“In conclusion, all we have to say is that the men who gets the money for Black Jim’s capture will earn it, and our respect along with it.”

She dropped the paper.

“Now do you see, Freddie?”

“I’m no psychic wonder, Jerry,” he answered with some irritation. “How can I tell what act you’re thinking of? Wait a minute!”

He gaped at her with sudden astonishment.

“Say, Jerry,” he growled, “have you got a hunch that I’m going to go out and catch this man-eating Black Jim?”

She broke into musical laughter.

“Freddie,” she said, when she could speak again. “I’d as soon send you to capture the bandit as I’d send a baby with a paper knife to capture a machine gun. No, deary, I know you want to get out of here, but I don’t want you to start east in a coffin. It costs too much!”

“Slip it to me easy, Jerry,” he said, “or I’ll get peeved.”

“Don’t make me nervous,” she mocked. “I don’t ask you to do anything rough except to put on clothes like the ones these fellows around here are wearing–heavy boots, overalls, broad-brimmed hat, red bandanna around the neck.”

He stared at her without comprehension.

“Do you think they’ll pay to see me in an outfit like that?”

“They ought to, and it’s my idea to make them. It’s a nice little bit for us both, Freddie. First act starts like this. Stage set: A western mining town, Three Rivers. Enter the lead–a girl, stunning blonde, wears corduroy walking skirt.”

Montgomery grinned but still looked baffled.

“You hate yourself all right,” he said, “but lead on the action.”

“Nobody knows why the girl is there, and nobody cares, because they don’t ask questions in a mining town.”

“Not even about the theater,” groaned Montgomery.

“Shut up, Freddie,” cut in La Belle Geraldine, “you spoil the scene with your monologue stunts. I say, the swell blonde appears and buys a seat on the stage which starts that afternoon, running towards Truckee. She kids the driver along a little and he lets her sit on the seat beside him. As soon as she gets planted there she begins to talk–let me see–yes, she begins to hand out a swift line of chatter about what she can do with a revolver. Then she shows him a little nickel-plated revolver which she carries with her. He asks her to show off her skill, but she says ‘Nothing stirring, Oscar.’ Finally they go around a curve and out rides a masked bandit on a roan horse. Everybody on the stage holds up their arms as soon as he comes out with his gun leveled.”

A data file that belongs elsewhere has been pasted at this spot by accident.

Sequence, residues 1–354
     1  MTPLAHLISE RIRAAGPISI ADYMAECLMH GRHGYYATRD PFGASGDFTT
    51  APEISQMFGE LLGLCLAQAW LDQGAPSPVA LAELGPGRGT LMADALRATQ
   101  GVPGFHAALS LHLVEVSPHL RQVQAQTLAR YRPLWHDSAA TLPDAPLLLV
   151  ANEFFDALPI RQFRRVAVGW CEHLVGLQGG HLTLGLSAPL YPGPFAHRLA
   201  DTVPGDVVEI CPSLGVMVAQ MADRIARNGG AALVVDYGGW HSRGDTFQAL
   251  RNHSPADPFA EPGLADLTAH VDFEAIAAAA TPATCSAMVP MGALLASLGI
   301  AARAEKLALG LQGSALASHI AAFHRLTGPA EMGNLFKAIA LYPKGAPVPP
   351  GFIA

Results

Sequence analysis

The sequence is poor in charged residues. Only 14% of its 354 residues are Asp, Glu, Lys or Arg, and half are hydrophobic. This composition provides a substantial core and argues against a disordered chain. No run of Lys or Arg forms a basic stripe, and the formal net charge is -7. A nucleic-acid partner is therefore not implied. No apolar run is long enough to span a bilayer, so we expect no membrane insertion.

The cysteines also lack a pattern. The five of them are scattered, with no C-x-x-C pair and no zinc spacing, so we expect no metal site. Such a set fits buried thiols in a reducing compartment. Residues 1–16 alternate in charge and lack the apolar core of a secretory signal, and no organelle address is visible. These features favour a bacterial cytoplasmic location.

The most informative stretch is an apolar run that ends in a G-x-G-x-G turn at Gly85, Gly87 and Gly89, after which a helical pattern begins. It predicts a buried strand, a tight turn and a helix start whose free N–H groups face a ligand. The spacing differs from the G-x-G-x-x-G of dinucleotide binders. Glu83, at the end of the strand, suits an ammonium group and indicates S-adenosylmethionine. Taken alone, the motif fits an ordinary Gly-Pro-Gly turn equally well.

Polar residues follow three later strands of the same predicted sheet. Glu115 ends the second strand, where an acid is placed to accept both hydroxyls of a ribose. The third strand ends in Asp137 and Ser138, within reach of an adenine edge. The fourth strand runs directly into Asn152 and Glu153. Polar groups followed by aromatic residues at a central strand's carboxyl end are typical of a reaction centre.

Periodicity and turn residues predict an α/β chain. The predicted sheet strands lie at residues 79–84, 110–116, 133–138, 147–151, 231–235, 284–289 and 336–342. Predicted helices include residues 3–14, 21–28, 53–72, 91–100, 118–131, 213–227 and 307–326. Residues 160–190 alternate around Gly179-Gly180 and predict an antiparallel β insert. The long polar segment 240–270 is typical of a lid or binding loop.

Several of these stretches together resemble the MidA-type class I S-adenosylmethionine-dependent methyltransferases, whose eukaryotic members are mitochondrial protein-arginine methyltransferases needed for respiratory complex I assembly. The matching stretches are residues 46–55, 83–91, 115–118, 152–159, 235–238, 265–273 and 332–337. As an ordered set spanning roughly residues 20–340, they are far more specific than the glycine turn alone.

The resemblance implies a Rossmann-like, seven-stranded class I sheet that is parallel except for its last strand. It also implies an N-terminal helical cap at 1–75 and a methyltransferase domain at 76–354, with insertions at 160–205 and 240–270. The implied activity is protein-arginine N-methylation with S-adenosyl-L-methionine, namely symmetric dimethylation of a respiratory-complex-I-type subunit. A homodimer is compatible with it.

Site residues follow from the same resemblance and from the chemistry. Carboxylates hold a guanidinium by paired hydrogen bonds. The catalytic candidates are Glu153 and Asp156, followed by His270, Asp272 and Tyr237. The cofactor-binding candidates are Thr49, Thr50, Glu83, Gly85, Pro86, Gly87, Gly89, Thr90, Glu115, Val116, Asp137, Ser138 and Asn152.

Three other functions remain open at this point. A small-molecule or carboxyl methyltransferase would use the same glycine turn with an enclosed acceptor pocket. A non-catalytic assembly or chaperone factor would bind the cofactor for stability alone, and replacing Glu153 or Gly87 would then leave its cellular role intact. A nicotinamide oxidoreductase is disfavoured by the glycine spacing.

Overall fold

“How do you know they would?” said Montgomery.

“Because they always do,” answered Geraldine. “Nobody thinks of making a fight when a masked man on a roan horse appears, because they know it’s Black Jim, who can shoot the core out of an apple at five hundred yards, or something like that. Well, they all hold up their hands except the girl, who raises her revolver and fires, and though she used a blank cartridge the gun jumps out of the grip of the bandit as if a bullet hit it. Then he holds up his hands and everybody in the stage cheers, and the girl takes the bandit prisoner. The stage turns around and carries them back to Three Rivers.

“The people of the town come to look at Black Jim–”

“And they see I’m not the guy they want. Then the game’s blown.”

“Not a hope,” said Jerry. “They don’t know anything about this man-killer except the color of his horse. They’ll take you for granted.”

“Sure,” groaned Montgomery, “and hang me to the nearest tree, what?”